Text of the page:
Call me weird, but there are few things I find as comforting as those warm blankets they put on you in the hospital. I had to go to the emergency room recently for food poisoning, and the professional, kind, and attentive care I received included one of those blankets. It was a small gesture that made me feel especially well cared for. It makes me wonder — how do I show others that I care? How do I know and protect the boundaries that divide caring, caregiving, and caretaking?
Caring is defined as “someone who shows kindness and concern for others.” Notice that doesn’t include any real action. Kindness and concern can simply mean being present with an empathetic and compassionate heart. Yet we often feel that we have to “do” something — as if our presence is not enough. When sitting with someone who is expressing some difficulty, the most caring thing we can probably do is simply to be present and listen.
Care-taking can be described as “someone who takes care of everything.” Maybe this person believes that in order to be a good, caring person, it is necessary to be constantly active, performing, and doing for others. A care-taker tends to be a very controlling person. He or she steps in to get things done for adults who are quite adept at doing for themselves. This is all done with the best of intentions, but care-taking is equivalent to enabling. It’s quite disrespectful to control the affairs of another person. It’s always best to allow adults who are capable to do for themselves, to learn, and to grow in the process whether they make the right decisions or not. This is not an easy concept for caretakers to grasp, perhaps because a caretaker feels inadequate unless doing things for others and probably truly believes that he or she is simply being a good person.
Caregiving is yet another animal, and it is defined as “someone who expresses kindness and love.” This person does not control nor take on the responsibility of another person. He or she might spend time with someone who is depressed, provide care for disabled people, or assist the elderly or children with tasks that they are unable to perform on their own (to name a few examples). While caretakers take the power from perfectly able-bodied/minded individuals, caregivers give of their time and talent to those who are in need of them.
Caregivers are typically very self-less people, but it is important to remember that we cannot care for others unless we ourselves are healthy and whole. It is imperative that caregivers take time to rejuvenate body, mind, and spirit so that compassion fatigue does not set in. Time to eat, pray, rest, relax, and plain old fun should be planned in the caregiver’s schedule. These are not self-centered activities but rather self-caring ones. I know it’s cliche, but as they say on airplanes — put the oxygen mask on yourself before you put it on those around you. If you can’t breathe, you are worthless to everyone else.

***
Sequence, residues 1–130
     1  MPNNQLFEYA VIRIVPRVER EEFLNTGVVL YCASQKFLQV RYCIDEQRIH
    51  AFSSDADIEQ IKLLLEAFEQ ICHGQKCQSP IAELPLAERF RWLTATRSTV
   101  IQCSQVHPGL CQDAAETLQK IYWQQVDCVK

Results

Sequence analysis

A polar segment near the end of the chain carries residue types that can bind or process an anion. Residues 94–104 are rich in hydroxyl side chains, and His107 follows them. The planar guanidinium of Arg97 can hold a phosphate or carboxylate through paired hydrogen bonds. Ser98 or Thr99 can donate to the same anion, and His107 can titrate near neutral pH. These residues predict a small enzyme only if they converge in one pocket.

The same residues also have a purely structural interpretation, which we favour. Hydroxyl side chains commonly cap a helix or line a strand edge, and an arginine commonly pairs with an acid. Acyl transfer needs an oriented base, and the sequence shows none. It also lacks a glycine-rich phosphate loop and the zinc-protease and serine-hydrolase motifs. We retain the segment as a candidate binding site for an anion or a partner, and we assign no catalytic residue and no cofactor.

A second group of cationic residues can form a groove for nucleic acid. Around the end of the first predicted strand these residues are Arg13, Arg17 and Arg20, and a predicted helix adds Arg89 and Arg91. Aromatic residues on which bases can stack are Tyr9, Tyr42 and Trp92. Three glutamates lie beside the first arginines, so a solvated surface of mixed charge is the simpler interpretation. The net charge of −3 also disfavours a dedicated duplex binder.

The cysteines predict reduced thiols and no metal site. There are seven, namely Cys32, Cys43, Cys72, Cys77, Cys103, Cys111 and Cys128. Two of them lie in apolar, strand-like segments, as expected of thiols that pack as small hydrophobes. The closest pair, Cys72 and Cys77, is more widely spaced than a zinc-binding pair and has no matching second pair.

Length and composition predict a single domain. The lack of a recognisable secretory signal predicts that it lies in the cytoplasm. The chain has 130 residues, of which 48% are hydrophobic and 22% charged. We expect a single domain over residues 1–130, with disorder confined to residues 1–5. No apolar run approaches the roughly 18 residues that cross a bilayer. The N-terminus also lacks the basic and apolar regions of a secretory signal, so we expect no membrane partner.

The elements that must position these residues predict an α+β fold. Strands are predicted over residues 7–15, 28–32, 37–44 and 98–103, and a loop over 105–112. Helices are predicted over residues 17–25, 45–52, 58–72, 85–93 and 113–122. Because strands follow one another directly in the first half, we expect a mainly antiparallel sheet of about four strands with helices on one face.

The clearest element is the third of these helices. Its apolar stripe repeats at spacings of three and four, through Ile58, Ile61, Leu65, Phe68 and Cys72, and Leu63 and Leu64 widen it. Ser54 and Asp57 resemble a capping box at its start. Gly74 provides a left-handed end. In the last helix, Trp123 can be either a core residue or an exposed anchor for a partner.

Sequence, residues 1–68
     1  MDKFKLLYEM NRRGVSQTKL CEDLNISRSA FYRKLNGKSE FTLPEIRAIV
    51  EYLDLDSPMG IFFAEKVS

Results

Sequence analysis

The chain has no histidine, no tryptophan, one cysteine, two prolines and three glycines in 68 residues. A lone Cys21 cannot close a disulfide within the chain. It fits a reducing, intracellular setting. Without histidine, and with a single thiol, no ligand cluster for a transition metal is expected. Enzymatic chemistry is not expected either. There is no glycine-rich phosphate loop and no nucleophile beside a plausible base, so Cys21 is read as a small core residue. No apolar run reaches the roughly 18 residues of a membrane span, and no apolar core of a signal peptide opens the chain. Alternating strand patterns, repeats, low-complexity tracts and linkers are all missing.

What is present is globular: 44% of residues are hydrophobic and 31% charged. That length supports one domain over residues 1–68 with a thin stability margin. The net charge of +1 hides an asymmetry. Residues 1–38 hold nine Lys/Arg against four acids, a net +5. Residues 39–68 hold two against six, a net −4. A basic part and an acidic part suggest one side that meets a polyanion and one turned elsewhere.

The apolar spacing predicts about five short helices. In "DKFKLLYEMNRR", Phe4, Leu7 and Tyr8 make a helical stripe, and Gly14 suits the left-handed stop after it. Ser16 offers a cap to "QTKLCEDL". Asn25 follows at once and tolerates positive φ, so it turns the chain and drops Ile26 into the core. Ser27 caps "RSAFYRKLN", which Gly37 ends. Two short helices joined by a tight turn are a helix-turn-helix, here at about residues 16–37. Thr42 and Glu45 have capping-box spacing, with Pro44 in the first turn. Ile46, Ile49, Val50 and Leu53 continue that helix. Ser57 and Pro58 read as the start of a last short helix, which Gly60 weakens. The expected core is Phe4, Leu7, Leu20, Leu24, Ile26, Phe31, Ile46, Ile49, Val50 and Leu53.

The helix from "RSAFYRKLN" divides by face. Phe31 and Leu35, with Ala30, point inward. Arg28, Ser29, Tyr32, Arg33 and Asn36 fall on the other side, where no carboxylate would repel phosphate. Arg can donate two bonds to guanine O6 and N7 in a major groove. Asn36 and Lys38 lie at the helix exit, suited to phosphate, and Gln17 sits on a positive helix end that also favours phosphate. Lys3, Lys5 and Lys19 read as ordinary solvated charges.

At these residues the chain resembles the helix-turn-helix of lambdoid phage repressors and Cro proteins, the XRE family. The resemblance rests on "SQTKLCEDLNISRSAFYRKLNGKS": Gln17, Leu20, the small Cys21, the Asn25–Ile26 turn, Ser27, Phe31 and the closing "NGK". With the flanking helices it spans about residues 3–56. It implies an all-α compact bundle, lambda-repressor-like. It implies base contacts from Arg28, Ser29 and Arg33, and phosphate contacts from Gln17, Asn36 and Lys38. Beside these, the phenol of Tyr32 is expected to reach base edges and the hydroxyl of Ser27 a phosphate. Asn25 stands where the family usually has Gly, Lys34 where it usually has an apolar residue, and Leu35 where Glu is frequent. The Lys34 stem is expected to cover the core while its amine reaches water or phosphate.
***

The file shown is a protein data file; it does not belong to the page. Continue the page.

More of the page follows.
I personally fall into the trap of giving of myself until I am empty, and what’s worse is that I don’t always take time for prayer to fill myself spiritually. When I am spiritually, physically, and emotionally empty I am useless to the many people who seek advice, care, and my whole-hearted, healthy presence. Self-care is something I have to practice daily — some days hourly — in order to be a strong, joyful, peaceful, willing, and caring person. That is far from selfish; it’s actually caring for myself with others in mind. Otherwise I pick up the phone and am emotionally unavailable to the person on the other end. There are times too (or maybe it’s in certain relationships) that I am a care-taking maniac. I interrupt my day and important activities, or my times of rest, to do things for people that they positively can do on their own. On those days you would swear that I am the only one on the planet with access to the Internet, the telephone, or the bank. You would also be certain that my cell phone is permanently implanted in my ear without an on/off switch. By the end of a frantic day of caretaking I am usually exhausted, emotionally depleted, and extremely resentful. Yet I am the one who felt the world just couldn’t spin on its axis if I wasn’t there to assist.
So how would you categorize yourself? Are you a caring person, a caregiver, or a caretaker? Do you practice self-care? Do you believe that your presence is enough? Do you balance your time and not allow yourself to be taken advantage of? One of my favorite quotes is: “You are called to be a light, not a doormat.” Being a caring person does not mean that you have to allow yourself to become worn and matted like a doormat. Keep yourself fresh and renewed in body, mind, and spirit. Maybe think of yourself like that warm hospital blanket that doesn’t do a thing but stay close and exude its warmth; yet it makes one feel safe and loved. Remember, the blanket eventually cools and has to be warmed again or another blanket replaces it. Stay warm — it can be a very cold world.